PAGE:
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miheer vaidya
miheer vaidya

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Human perspective in language design


I was listening to cppcast episode 201 and there was a discussion about _ not being used for pattern matching proposal because Google Mock uses it and technically _ is not reserved keyword in c++ in local scopes. I was wondering, how does c++ committee weighs in good for developers vs being constitutionally right.

Good for developers

I think monoglot developers are hard to come by these days, because I don't believe there is one true general purpose language excellent enough to do all jobs. In adsp the podcast episode 4 One of the Bryce's mentors says one needs to know 3 languages, I think it was c++, python and javascript. For me it's c++, python and typescript. My argument for these three languages is:

  1. Language to do quick prototyping: python
  2. Language to do high performance work: c/c++/cuda
  3. Language to dabble in web developement: typescript

Given that polyglot development is essential these days, it makes sense to have similar syntax for similar concepts (language structures and core algorithms and data structures). Imagine having different regex syntaxes for accomplishing same thing. Conor Hoekstra frequently complains about how some of the algorithms in c++ are named unintuitively.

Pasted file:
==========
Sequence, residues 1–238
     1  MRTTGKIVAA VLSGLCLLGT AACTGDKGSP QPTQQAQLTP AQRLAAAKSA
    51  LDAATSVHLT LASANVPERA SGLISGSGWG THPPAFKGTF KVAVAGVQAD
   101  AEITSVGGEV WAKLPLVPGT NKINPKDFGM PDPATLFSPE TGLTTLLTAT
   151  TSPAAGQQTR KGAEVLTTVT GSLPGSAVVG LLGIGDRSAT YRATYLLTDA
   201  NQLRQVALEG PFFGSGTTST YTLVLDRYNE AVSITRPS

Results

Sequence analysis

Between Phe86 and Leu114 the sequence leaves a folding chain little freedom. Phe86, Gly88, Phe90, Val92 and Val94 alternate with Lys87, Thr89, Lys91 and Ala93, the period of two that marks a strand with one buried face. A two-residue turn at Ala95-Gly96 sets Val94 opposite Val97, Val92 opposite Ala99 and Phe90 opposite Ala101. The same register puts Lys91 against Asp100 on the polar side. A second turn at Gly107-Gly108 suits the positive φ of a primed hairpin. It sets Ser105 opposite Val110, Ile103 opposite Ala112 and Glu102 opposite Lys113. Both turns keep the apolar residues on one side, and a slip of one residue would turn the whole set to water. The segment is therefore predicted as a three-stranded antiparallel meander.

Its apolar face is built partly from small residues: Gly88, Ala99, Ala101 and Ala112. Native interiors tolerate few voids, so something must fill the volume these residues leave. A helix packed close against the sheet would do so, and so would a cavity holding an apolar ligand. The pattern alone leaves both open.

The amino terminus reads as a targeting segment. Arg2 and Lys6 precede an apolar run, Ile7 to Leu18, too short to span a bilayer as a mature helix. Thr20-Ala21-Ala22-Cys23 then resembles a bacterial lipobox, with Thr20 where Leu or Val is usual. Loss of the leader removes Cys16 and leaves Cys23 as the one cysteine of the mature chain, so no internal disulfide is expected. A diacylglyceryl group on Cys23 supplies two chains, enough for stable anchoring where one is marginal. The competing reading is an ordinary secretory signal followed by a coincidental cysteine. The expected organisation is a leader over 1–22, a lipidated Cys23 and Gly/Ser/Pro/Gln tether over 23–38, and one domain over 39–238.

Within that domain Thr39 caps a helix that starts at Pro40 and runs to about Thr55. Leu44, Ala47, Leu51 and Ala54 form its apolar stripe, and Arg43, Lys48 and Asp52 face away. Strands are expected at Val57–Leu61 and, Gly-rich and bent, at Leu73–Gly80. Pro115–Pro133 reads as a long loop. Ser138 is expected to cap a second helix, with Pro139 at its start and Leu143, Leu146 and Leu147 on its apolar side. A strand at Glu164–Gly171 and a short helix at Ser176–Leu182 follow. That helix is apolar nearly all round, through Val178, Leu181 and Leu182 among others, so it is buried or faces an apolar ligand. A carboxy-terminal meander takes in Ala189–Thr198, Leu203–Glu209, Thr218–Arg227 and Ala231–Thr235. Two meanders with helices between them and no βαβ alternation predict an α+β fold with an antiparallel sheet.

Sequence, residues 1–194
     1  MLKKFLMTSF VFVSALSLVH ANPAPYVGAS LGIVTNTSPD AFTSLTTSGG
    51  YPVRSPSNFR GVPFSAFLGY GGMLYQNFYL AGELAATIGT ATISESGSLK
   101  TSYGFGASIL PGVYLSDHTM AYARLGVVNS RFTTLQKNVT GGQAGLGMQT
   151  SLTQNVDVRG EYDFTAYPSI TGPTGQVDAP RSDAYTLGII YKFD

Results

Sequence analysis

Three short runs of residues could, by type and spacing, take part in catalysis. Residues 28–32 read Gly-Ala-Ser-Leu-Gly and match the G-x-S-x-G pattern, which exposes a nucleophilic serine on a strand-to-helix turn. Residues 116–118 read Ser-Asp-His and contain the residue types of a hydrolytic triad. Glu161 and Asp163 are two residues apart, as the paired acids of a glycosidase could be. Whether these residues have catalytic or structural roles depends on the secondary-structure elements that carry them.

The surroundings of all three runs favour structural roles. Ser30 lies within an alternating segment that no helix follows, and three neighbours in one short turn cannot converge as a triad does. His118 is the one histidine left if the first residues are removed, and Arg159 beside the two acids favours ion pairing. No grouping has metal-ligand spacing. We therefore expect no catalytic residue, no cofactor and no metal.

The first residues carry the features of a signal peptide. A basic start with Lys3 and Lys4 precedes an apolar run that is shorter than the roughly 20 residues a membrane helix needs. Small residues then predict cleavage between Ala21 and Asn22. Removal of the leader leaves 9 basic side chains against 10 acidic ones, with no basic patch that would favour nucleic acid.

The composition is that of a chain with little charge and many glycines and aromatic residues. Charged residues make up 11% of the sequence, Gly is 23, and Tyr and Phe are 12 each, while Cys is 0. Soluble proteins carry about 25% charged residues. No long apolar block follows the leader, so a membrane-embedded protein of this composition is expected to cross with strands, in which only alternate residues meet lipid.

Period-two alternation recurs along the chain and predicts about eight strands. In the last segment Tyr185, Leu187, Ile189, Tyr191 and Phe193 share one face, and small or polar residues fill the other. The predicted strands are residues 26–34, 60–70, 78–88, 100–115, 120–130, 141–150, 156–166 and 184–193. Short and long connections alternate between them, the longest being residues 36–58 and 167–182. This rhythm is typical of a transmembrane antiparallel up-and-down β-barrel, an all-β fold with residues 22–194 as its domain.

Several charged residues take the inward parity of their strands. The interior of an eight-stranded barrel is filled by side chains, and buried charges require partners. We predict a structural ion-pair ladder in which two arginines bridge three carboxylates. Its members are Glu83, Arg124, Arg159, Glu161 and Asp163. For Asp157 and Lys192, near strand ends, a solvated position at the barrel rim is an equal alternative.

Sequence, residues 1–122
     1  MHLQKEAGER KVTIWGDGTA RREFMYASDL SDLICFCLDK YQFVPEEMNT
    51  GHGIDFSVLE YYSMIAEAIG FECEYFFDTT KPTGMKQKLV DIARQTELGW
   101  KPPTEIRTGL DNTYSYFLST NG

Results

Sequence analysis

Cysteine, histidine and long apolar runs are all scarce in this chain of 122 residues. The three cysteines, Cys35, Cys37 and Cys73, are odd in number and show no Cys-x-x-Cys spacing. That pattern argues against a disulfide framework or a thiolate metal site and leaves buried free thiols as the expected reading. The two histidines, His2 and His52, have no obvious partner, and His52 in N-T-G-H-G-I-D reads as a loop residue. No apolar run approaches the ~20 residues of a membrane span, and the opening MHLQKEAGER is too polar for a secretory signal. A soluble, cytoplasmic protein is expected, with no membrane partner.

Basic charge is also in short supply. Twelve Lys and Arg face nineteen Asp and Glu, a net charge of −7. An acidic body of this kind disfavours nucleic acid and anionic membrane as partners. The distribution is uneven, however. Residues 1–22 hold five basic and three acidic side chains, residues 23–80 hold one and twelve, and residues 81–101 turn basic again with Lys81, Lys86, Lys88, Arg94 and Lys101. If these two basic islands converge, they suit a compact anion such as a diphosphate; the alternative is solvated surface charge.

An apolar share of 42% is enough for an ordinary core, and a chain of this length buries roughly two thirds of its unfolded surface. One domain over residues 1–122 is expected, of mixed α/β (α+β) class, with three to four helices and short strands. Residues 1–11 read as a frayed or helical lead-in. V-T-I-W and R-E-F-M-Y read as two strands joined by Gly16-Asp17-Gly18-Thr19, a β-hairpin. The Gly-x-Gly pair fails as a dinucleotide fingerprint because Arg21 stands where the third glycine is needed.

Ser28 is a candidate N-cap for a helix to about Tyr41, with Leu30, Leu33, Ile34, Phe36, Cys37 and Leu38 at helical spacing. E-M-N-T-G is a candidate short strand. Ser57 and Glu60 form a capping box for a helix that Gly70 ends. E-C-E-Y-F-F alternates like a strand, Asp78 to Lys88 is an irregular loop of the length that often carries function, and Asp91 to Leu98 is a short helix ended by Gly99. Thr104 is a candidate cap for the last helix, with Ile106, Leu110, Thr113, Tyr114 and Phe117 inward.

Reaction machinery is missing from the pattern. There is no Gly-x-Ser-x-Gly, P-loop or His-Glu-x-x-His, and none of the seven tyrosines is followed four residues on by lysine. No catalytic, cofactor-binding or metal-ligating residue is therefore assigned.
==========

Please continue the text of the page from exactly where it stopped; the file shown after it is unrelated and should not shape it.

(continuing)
I wonder:

  1. Of course, it's not entirely possible to give up on backwards compatibility and hence embracing syntax of other language for all cases, what tread-off is consider for human perspective.

  2. What tools are available to language designers to figure out if proposed syntax for a new feature conflicts with existing syntax of another (pre-existing) feature?

  3. Consider a bnf grammar:

A => B C D
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consider B and D are new syntactic constructs and A and C are legacy constructs, will we be open to assign new semantic meaning to C given presence of B and D for good for developers? In this case C being _?

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